July 24 (Bloomberg) -- China’s economy may be facing a period of instability and imbalance as it transitions from high-speed growth, a state researcher said.
“Growth inertia should not be underestimated, as new growth engines and patterns have not been formed,” researcher Yu Bin said in a report by China’s Development Research Center released yesterday in London. “Market expectations are unstable, downward pressure has increased, and existing and new structural mismatches exist. The economy has become unstable and uncertain like never before.”
China’s growth slowed for a second straight quarter to 7.5 percent in the April-June period, increasing the risk that Premier Li Keqiang will miss a full-year target for the same pace. Reports in Chinese media indicating that Li will act to support expansion if needed helped send the Shanghai Composite Index up 2 percent yesterday.
The DRC is an agency advising China’s cabinet, and Yu said that if China can maintain “an appropriate macroeconomic environment,” start suitable reforms and control risks, “the growth rate for 2013 can approach 7.5 percent.”
In a question-and-answer session after presenting the report, Yu said via a translator that while the global economy may strengthen in the second half of the year, “that doesn’t mean an improvement in Chinese exports.”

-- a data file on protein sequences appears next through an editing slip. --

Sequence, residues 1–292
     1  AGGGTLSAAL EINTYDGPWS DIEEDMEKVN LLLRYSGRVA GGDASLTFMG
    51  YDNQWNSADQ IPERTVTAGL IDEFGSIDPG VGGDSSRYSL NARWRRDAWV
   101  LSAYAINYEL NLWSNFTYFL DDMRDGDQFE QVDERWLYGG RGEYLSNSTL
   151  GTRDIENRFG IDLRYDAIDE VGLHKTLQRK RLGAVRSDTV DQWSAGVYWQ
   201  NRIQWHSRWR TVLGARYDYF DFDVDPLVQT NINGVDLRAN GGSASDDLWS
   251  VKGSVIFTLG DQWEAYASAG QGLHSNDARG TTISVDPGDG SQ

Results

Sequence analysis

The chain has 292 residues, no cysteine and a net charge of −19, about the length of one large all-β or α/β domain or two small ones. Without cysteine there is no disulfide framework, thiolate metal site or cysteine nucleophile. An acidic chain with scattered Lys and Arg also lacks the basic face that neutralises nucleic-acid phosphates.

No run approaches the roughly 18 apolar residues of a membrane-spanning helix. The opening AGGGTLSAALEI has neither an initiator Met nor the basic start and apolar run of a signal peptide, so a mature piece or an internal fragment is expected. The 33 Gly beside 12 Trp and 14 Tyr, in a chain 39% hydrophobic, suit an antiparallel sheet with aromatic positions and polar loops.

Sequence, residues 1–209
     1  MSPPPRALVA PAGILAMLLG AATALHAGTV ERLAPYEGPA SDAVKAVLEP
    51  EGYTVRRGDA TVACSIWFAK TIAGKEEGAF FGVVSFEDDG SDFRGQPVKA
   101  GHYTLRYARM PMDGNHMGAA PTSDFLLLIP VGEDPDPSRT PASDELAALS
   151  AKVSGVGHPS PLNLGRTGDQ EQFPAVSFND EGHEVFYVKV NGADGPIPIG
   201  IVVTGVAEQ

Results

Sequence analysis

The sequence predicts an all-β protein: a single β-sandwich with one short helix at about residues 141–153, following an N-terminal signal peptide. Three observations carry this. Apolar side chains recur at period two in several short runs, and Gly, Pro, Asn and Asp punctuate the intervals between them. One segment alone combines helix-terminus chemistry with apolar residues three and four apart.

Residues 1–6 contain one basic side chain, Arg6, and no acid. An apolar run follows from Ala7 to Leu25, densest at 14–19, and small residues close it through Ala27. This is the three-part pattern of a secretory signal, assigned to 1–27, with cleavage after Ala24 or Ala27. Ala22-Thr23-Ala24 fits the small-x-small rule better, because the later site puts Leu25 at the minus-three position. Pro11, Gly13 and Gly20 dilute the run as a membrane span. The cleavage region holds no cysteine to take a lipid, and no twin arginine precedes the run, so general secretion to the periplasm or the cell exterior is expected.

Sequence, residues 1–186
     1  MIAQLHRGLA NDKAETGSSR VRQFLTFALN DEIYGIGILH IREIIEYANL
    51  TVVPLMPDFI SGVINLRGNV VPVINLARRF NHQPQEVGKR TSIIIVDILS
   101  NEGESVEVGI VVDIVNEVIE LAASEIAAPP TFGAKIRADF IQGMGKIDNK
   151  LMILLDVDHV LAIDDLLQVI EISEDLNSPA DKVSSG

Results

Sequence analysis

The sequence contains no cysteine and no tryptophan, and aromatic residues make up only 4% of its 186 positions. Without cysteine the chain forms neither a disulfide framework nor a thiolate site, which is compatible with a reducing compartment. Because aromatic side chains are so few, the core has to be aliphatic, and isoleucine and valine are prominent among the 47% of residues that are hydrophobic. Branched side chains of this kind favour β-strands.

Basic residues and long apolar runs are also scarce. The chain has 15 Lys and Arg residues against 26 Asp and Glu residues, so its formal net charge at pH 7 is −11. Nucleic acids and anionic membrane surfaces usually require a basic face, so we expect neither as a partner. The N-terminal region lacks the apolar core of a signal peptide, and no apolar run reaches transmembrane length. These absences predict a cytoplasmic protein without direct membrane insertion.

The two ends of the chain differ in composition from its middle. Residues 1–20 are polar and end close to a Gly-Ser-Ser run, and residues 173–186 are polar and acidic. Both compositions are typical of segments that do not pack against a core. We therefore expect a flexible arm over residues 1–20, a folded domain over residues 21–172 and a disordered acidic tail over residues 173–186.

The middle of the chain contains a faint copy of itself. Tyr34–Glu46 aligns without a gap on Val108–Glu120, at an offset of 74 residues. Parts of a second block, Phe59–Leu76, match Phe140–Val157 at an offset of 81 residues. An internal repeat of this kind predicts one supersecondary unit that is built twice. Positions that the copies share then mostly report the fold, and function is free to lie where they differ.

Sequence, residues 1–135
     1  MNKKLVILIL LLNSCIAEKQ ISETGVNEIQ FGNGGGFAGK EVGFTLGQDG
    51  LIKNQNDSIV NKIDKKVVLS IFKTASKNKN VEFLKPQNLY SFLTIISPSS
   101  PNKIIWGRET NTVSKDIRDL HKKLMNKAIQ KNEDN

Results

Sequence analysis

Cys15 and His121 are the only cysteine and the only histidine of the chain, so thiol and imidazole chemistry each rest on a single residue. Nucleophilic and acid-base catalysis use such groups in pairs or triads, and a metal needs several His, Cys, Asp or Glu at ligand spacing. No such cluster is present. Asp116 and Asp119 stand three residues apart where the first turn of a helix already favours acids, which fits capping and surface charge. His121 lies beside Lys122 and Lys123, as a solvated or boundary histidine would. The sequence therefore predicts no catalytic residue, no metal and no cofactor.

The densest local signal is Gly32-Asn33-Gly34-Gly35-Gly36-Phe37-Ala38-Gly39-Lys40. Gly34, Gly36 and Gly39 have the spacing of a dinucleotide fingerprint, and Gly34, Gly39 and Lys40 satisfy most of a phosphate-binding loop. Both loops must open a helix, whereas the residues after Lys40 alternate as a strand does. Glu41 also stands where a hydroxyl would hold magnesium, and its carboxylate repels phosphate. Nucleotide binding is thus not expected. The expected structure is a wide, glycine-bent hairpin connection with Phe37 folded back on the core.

He also said that “downward pressure” in the economy had been larger than expected.
“If in the second half of the year, if the slide even goes down further, then there will be more policy measures,” Yu was translated as saying. “For example we can extend our deficit, we can issue more medium- to long-term debt so then we can start some big infrastructure projects.”
Expansion below 7 percent won’t be tolerated because China needs to achieve a moderately prosperous society by 2020, according to a commentary published July 21 by the official Xinhua News Agency. Li said at a recent meeting with economists that 7 percent is the “bottom line” and the nation can’t allow growth of less than that, Beijing News reported yesterday.
China’s manufacturing weakened in July, according to a preliminary survey today that casts further doubt on the government’s ability to meet its growth target. The reading of 47.7, if confirmed in the final report Aug. 1, would be the lowest in 11 months. Readings below 50 indicate contraction.
China this month eliminated the lower limit on lending rates offered by the nation’s financial institutions as economic growth slows and authorities expand the role of markets. The central bank acknowledged that it was a limited step and said that freeing up deposit rates would be more important.
Exports unexpectedly fell 3.1 percent in June from a year earlier, the most since the global financial crisis. Industrial production rose a less-than-forecast 8.9 percent and factory-gate prices declined for a 16th month.
Gross domestic product rose 7.5 percent in April to June from a year earlier, down from 7.7 percent in the first quarter. That extended the longest streak of sub-8 percent expansion in at least two decades.
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